Add in another attacker and defender, or even two attackers and one defender, and that ratio of success drops very quickly.
But it is still a golden opportunity to make ground and even score. So, you need to increase the success rate, and you do this by creating as many scenarios as you can.
The principles remain the same. It’s the timing and intent that changes, depending on how the defence line up and move forward.
The key principles are:
Attack the defence to reduce their thinking time.
Attack the ball when you receive it.
Pass in front of the player so they catch and see the defence.
How about “inside shoulders”, “drawing the defender”, “square hips”?
Inside shoulders means attacking the defender so they are fixed in position to make the tackle. The ball carrier runs at the shoulder of the defender that is furthest from the next receiver. This draws the defender from that spare player. It is easier to do if the hips are facing up the pitch, in other words, square shoulders.
It is not, however, these aren’t principles. Because the defenders can be arriving from many different angles.
Here’s a collection of activities to work on the principles, and develop skills and understanding in a variety of scenarios.
Set up this problem for your players to solve and the solution might turn into a play. The extra attacker arrives from behind the front line and looks to attack different gaps.
The hidden third attacker can create space for the ball carrier and front line support player as the defenders might be drawn to potential threats. MORE
Use this activity to develop of knowing about "keeping square", that is facing up the pitch, to hold defenders. Plus how to "hold the feet" to keep the right sort of depth.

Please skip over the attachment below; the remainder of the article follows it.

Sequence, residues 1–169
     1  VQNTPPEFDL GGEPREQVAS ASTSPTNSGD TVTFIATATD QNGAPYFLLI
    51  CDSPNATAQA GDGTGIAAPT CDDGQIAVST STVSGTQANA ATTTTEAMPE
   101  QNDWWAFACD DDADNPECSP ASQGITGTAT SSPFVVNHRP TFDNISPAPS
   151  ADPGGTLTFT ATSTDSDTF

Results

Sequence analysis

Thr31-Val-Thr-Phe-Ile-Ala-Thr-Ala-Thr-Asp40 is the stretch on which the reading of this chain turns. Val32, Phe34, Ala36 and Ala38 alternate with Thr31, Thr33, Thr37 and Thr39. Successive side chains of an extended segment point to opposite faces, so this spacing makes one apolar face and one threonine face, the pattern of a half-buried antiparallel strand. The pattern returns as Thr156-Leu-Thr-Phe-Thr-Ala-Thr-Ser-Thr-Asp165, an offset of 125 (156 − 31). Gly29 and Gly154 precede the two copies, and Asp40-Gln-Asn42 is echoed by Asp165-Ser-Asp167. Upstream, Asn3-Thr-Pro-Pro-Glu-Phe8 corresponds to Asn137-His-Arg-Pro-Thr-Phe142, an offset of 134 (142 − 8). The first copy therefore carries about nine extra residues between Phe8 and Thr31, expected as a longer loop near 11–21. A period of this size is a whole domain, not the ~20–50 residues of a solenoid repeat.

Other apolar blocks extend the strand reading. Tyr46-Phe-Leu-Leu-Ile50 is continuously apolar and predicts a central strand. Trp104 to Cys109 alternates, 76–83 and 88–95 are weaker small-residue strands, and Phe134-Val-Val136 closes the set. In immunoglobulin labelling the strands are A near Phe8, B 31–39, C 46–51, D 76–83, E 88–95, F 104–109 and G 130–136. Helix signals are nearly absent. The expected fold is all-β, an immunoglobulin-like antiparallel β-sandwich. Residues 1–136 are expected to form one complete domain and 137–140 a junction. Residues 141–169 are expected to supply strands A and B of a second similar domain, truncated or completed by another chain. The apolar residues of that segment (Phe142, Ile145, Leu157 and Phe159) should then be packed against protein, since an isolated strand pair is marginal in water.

In a 4 v 2, especially in a very tight space, the attack will fail unless they can fix (hold) defenders and have space to pass the ball. There is little depth in the box, forcing the attackers to "hold" their runs. MORE
The classic 2 v 1 exercise doesn’t work well with young players. Don’t give up on it though. Try out these ideas to work on this crucial decision-making area of the game.
A 2 v 1 exercise has the ball carrier fixing the defender before passing to a support player. However, for young players, this doesn’t work well. MORE
We have plenty of tag resources on this site, and I’m keen to ensure they can easily be upgraded into full sessions. Perhaps they won’t be doing much rucking, but there’s plenty else to learn from tag beginnings. MORE
In essence, I wanted to create defensive games which would force attacking teams to realign with more depth. The rewards were aimed squarely at the defence. If they were successful, they would either gain the ball, or in the case of the overloaded game (where there were more attackers than defenders), they would move over into the attacking team. MORE